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Published September 5th, 2018
Firefighter strike teams face new challenges
MOFD Capt. Jon Bensley, center, at the Carr Fire. Photo courtesy MOFD Firefighters Association

The Bay Area firefighters returning from deployments at the recent California wildfires agree: The fire behavior that they have seen this year is unlike anything they have ever witnessed.
Jon Bensley came home in August after eight days at the Carr Fire, a wildfire that burned more than 200,000 acres in Shasta and Trinity counties and caused 38,000 evacuations. "It was a big fire, but it was the behavior that put us all on edge," said the Moraga-Orinda Fire District captain. "We're always thinking about fire behavior, and trying to predict what we might see, but that surpassed anyone's expectations."
The fire created its own weather system, and produced a fire whirl - a tornado - with winds over 140 mph. The whirl remained on the ground for 30 minutes and reached a height of 18,000 feet, destroying property and killing three in Redding.
Capt. Brent Boling of the Contra Costa County Fire Protection District was at a pizza shop with his crew in Redding when the fire tornado hit. "We got caught in evacuation traffic, on our way to base camp," Boling said. "Usually we're dealing with fire in the brush. The progression of this fire was house to house. You wouldn't expect that behavior."
"It reminds us to step back for a moment and think about what we are doing, and how best to serve the situation," said Bensley of the fire, which killed two firefighters. "It makes you re-evaluate the risks you are taking and how you are going to operate."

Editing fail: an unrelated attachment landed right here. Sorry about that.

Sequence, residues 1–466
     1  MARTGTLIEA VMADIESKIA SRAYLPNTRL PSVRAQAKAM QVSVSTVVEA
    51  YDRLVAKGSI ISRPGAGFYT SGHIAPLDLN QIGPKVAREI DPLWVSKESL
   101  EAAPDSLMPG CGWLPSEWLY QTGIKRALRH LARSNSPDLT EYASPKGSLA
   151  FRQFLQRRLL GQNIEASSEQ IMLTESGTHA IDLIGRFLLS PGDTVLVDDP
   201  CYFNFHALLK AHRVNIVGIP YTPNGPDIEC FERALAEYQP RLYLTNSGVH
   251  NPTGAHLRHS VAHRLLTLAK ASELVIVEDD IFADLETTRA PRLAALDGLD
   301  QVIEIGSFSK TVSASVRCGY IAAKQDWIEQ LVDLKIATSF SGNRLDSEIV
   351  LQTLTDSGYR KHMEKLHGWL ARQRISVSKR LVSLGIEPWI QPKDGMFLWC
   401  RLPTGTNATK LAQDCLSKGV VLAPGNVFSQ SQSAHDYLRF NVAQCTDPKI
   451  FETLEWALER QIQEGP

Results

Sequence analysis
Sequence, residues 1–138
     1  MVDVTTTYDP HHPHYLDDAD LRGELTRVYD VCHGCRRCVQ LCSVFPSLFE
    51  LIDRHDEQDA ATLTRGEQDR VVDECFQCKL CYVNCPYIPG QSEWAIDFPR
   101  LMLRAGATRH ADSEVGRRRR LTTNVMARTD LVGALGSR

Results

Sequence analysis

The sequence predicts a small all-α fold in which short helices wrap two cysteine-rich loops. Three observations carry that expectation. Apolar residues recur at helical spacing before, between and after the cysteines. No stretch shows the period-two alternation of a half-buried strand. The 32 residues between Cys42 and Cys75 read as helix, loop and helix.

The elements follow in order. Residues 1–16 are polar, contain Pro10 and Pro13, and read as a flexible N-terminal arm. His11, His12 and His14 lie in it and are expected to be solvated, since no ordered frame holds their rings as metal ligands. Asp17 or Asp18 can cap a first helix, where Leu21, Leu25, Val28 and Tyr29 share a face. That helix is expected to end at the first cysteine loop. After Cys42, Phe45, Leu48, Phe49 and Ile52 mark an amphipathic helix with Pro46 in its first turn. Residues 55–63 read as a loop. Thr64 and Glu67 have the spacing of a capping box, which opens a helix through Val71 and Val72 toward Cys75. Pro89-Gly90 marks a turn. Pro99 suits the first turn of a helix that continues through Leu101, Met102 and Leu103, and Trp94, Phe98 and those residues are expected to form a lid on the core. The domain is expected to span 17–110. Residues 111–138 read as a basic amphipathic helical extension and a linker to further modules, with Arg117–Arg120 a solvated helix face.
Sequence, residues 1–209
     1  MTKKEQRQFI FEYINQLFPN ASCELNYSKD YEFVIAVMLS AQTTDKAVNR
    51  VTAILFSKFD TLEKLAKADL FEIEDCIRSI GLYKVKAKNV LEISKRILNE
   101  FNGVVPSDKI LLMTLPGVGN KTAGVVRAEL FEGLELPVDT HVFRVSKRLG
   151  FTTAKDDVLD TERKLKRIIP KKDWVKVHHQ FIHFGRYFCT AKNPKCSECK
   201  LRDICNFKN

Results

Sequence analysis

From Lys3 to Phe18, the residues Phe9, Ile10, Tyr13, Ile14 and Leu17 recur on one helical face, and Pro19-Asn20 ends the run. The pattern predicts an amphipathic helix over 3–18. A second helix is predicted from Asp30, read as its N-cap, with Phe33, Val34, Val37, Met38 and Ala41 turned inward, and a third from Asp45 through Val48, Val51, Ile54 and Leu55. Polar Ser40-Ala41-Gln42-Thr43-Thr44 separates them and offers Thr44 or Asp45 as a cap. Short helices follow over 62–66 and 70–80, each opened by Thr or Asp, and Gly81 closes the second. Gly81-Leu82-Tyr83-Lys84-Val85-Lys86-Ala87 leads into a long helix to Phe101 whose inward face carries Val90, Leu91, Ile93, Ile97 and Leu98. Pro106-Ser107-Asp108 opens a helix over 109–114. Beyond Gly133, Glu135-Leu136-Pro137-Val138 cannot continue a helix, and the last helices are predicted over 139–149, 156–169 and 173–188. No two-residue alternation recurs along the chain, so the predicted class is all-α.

Both firefighters praised the community for its support. One boy wearing a firefighter outfit carried a sign along base camp every day thanking the crews, as did two young girls riding along on horseback. Families delivered food and treats to the camp. "You couldn't pay for a meal in Redding yourself," Bensley said.
Receiving encouraging cards from local residents helped cheer up the firefighters, many of whom were missing their families. "It's incredible what our families handle while we're gone," said Bensley, whose wife tends to a 5- and a 3-year-old, plus a 4-acre farm. "She says, 'As soon as you leave, the kids get sick, something breaks and I get forced to go to work. With no babysitter.' She's fighting the fire at home."
Boling has two daughters enrolled at Saint Mary's College. "It never ends being a dad," Boling said. While he worked on the strike team, one daughter on a trip with a friend called him when the headlights went out in her car. "She caught me on Face Time, with flames shooting in the background, and asked me to help her fix them. 'Ah, I'm a little busy now ...'" Boling told her to get a hotel room and deal with the headlights the next day, which she did.
For Boling, the Carr Fire was his 17th out-of-district assignment. "My first strike team, the Fountain Fire in Shasta County, remained in the Top 10 until the last two years," he said, emphasizing the ferocity and destruction of the recent wildfires. The Fountain Fire marked its 26th anniversary Aug. 20.
Bensley was on edge for most of his interview, not because he was uncomfortable sharing his story but because he had to wrap up his captain's workload at MOFD Station 43.
That night, he was leaving Orinda to work the Mendocino Complex Fire, the largest fire in California recorded history.

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